There's still a chance to deliver historic science funding in 2022 

As Congressional leaders and President BidenJoe BidenMacro grid will keep the lights on Pelosi suggests filibuster supporters 'dishonor' MLK's legacy on voting rights Sanders calls out Manchin, Sinema ahead of filibuster showdown MORE restart the process of enacting a domestic agenda that can pass a divided Congress, focusing on our nation’s science and technology future — a set of critical investments and related policies that enjoy broad bipartisan support — is a good place to start. In fact, it could be an opportunity to use an old-fashioned, but effective legislative strategy: the bipartisan appropriations process.  

Without question, there’s no shortage of support for science and technology on both sides of the aisle but over the years, that support has failed to translate into a national priority. Until now. The stark challenges of COVID-19, climate change and slipping global competitiveness have created a once-in-a-generation course correction opportunity for U.S. science and technology investment.    

Next year’s appropriations process offers a chance for affirmative investments in research and development. These investments will serve as building blocks to strengthen the foundations of American science and technology and help keep us globally competitive for generations. And these popular provisions stand a good chance of bringing both parties to the negotiating table.  

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The bipartisan Infrastructure Investment and Jobs Act, which Biden signed into law in November, allocated $30 billion for clean energy and climate change mitigation strategies — an example of how the two parties can work together to address our biggest challenges through science and technology. Swift completion of this year’s appropriations process, coupled with a solid commitment to building upon these science and technology investments next year will put us on track toward global competitiveness and new economic opportunities for future generations.    

Fortunately, Congress has already begun the hard work of identifying and developing science and technology programs in need of funding. The U.S. Innovation and Competition Act and the National Science Foundation for the Future Act passed the Senate and House, respectively, with bipartisan support. Further, the draft reconciliation bill includes targeted research and development provisions that reflect the bipartisan interest in bolstering our nation’s science and technology capabilities and, as one-time investments, could be used to jumpstart a sustained strengthening of our nation’s science and technology capacity through the appropriations process. We must not let this moment slip away.   

A top priority for lawmakers across the political spectrum is an investment in our nation’s most valuable and powerful commodity — our people. Specifically, the next generation of scientists, engineers and skilled technical workers, whose work will lead the attack on the twin threats of climate change and pandemic, as well as hazards we can’t even imagine now. According to the Bureau of Labor Statistics, in the coming decade, the United States will require one million more STEM professionals than we’re currently projected to produce.   

The infrastructure bill laid the groundwork for expenditures on STEM education, including workforce development with the creation of the 21st Century Energy Workforce Advisory Board, as well as funds for technology training centers at colleges and universities. It was an excellent start‚ but still, more is necessary. We must build and enhance opportunities for STEM students.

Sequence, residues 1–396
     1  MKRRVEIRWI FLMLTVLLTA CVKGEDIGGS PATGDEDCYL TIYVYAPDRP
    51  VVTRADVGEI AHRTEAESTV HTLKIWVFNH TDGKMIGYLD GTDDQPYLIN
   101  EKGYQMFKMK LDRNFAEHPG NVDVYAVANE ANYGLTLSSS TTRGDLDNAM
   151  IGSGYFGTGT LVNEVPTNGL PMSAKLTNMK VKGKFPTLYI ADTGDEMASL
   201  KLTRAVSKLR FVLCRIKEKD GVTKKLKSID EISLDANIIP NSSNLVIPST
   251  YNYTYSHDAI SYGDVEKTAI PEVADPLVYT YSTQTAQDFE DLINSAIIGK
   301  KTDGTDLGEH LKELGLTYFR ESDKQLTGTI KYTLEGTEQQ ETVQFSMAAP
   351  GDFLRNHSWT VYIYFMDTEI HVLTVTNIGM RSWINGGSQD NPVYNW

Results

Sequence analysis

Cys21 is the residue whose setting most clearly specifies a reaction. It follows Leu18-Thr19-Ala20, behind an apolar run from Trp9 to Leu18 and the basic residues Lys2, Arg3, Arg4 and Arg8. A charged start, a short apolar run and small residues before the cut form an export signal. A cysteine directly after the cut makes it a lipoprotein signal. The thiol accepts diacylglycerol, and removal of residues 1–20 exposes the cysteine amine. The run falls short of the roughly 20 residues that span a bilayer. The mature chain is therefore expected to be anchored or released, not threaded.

Increasing allocations to The National Science Foundation, which funds nearly a third of basic research conducted at U.S. colleges and universities, would simultaneously support vital research in areas ranging from the environment to medicine while also developing the next generation of scientists and engineers.    

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Improving research capacity and infrastructure at historically Black colleges and universities, tribal colleges, and other minority-serving institutions would help to expand the STEM workforce and bring new voices and perspectives to science and technology. Opening these doors, now only slightly ajar, would ripple across communities and enhance the economic prospects of millions.   

The costs of not increasing spending on science and technology are stark. We’re losing ground and quickly ceding our competitive advantage to other nations. For decades, the U.S. has been on a downward trend in federal research and development investment relative to our GDP, while other nations — particularly China — are rapidly ascending. If we are to maintain our global leadership position, federal science and technology spending must reach at least 1.4 percent of GDP within five years, roughly double what it is now, according to Science and Technology Action Committee projections. Bolstering America’s position on the world stage is something all policymakers — no matter their party — can get behind.    

It’s time for Congress to act decisively and boldly on a science agenda and move forward with bipartisan focus. It’s possible that the urgent need for investment combined with bipartisan support for many of these programs could catalyze at least a partial return to a predictable annual appropriations cycle. We certainly hope so. We must put science and technology at the top of the political agenda this year. What happens next will define America’s future. This is not hyperbole. It’s science.   

Keith R. Yamamoto (@kryamamaoto) is the vice chancellor for science policy and strategy at the University of California, San Francisco. Mary Woolley (@MaryWoolleyRA) is the president and CEO of Research America. They are two co-chairs of the Science & Technology Action Committee.